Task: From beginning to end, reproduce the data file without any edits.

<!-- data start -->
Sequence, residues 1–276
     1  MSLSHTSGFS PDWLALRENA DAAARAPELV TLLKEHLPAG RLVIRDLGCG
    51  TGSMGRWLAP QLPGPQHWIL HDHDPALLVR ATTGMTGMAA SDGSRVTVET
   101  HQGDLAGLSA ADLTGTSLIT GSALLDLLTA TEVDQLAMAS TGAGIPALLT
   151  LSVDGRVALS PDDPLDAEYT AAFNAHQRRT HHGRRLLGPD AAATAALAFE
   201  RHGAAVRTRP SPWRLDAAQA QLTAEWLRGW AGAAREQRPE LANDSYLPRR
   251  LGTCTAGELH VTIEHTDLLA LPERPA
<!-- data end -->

Sequence, residues 1–276
     1  MSLSHTSGFS PDWLALRENA DAAARAPELV TLLKEHLPAG RLVIRDLGCG
    51  TGSMGRWLAP QLPGPQHWIL HDHDPALLVR ATTGMTGMAA SDGSRVTVET
   101  HQGDLAGLSA ADLTGTSLIT GSALLDLLTA TEVDQLAMAS TGAGIPALLT
   151  LSVDGRVALS PDDPLDAEYT AAFNAHQRRT HHGRRLLGPD AAATAALAFE
   201  RHGAAVRTRP SPWRLDAAQA QLTAEWLRGW AGAAREQRPE LANDSYLPRR
   251  LGTCTAGELH VTIEHTDLLA LPERPA